The nature of dark matter, the mysterious stuff whose gravity presumably binds a galaxy together, is sinking back into the shadows. Three years ago, a team of astronomers reported that dark matter might interact with itself through some force other than gravity, a hint that might help theorists figure out what it is. But new observations rule out such interactions, the same team reports today at the joint European Week of Astronomy and Space Science and National Astronomy Meeting 2018 in Liverpool, U.K.
Previously, researchers using NASA's orbiting Hubble Space Telescope studied a cluster of galaxies 1.3 billion light-years from Earth called Abell 3827, whose gravity distorts and multiplies the image of a more distant galaxy. From the distortions, researchers deduced the distribution of dark matter in the cluster. One of the four galaxies in its center appeared separated from the clump or halo of dark matter that ought to envelop it. Modeling suggested that the two became separated because the dark matter interacted with itself. Any such interaction might help theorists figure out what sort of new particles constitute dark matter—something that's hard to do if all they know is that dark matter is massive stuff that produces gravity.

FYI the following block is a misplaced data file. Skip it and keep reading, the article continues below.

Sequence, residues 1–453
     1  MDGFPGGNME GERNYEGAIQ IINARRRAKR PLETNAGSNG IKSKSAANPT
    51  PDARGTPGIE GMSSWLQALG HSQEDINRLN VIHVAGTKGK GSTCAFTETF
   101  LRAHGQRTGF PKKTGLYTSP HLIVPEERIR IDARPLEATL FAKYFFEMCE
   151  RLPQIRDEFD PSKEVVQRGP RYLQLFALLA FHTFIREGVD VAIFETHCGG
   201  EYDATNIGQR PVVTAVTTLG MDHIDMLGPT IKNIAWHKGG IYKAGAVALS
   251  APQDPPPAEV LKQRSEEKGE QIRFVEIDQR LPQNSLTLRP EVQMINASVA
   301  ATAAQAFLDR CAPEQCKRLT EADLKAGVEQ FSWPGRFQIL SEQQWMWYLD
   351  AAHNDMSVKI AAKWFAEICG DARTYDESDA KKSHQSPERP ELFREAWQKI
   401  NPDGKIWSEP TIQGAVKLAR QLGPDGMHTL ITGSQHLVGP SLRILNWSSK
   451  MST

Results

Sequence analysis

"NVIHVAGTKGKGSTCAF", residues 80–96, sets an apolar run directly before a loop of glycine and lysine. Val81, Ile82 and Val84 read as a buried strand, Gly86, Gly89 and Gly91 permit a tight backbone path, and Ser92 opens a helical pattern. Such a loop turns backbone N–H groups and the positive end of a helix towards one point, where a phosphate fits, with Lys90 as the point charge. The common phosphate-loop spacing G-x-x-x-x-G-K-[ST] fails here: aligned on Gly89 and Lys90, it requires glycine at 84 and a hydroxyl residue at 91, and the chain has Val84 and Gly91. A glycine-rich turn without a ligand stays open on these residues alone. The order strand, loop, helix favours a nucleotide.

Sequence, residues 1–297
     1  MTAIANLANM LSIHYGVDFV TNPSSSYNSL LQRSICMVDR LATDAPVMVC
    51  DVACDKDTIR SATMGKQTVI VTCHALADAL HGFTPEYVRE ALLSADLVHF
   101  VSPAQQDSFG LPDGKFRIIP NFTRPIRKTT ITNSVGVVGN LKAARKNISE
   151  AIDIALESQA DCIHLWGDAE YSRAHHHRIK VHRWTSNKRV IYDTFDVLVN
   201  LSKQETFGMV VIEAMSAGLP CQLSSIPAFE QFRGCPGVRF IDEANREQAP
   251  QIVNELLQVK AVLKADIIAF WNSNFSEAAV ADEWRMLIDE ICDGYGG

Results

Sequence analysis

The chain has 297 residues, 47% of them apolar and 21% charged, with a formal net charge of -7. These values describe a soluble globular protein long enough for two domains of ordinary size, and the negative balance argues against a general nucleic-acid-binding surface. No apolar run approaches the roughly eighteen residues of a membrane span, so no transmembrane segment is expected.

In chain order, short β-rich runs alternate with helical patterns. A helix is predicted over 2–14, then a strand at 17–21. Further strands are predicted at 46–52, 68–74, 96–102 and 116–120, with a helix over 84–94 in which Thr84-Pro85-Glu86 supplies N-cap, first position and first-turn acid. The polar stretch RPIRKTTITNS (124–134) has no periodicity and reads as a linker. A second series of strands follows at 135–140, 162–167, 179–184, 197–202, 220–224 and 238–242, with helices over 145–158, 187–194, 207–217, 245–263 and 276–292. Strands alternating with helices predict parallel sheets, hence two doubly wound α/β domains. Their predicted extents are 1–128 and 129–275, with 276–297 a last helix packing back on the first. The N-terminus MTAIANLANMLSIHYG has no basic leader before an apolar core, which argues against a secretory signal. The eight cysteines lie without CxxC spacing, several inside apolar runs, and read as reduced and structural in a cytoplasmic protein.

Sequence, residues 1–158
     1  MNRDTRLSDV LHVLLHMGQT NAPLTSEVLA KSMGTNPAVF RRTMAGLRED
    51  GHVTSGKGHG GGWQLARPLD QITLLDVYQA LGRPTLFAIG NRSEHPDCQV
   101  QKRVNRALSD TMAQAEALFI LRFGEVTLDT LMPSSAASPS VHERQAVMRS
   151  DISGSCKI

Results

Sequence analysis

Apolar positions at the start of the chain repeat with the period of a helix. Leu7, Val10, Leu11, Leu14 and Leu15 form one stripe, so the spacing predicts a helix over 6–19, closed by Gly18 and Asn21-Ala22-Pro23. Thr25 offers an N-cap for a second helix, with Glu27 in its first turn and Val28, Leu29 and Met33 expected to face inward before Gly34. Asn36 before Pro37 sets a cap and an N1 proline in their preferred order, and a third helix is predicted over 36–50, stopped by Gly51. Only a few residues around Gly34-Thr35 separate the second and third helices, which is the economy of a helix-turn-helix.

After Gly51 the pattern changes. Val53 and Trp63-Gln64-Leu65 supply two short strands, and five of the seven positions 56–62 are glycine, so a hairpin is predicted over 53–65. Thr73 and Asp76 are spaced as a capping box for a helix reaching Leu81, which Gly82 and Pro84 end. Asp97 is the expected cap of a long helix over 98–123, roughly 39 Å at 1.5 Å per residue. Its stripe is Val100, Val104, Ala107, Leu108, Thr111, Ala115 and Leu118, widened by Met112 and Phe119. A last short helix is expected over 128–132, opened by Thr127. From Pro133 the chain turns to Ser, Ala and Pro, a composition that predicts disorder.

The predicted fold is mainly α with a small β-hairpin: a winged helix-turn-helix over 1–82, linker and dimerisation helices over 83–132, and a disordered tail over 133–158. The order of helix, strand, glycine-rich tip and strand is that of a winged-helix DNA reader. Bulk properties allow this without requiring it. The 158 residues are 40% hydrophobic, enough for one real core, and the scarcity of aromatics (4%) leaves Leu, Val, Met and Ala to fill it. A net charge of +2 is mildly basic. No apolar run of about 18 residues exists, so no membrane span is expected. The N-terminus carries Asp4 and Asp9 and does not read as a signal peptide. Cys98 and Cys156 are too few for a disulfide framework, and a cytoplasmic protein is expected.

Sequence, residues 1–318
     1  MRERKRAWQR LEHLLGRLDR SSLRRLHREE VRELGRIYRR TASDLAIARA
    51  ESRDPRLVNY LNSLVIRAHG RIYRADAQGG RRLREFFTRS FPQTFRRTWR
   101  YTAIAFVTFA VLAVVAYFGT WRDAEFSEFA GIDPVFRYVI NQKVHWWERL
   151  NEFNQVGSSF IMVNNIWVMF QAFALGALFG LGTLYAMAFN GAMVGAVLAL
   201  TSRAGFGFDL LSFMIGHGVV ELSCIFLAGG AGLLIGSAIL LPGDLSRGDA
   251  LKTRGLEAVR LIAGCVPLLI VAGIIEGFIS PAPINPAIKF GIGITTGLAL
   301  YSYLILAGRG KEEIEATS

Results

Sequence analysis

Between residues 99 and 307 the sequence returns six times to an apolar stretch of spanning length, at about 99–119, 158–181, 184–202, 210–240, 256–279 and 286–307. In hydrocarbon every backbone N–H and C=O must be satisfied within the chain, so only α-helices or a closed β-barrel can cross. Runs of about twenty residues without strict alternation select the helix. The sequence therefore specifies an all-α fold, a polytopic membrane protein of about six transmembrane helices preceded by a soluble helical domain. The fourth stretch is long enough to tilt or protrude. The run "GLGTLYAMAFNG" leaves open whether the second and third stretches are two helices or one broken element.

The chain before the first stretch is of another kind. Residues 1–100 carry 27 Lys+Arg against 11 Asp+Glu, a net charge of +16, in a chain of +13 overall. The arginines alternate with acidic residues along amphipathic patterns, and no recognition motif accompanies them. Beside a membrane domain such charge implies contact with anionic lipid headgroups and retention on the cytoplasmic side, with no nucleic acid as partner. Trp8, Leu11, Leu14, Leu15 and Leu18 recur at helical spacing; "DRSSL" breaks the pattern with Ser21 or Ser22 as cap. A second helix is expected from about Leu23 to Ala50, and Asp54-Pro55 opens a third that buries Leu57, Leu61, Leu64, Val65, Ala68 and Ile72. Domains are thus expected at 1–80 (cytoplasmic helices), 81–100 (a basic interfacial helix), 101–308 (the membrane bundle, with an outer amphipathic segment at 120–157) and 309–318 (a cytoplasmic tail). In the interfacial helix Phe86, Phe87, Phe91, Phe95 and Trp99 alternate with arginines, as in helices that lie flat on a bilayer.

But new observations with the Atacama Large Millimeter/submillimeter Array, an array of radio dishes in the Atacama Desert in Chile, reveal that the galaxy hasn't separated from its halo after all. The data are now consistent with the less-than-helpful idea that dark matter interacts only through gravity.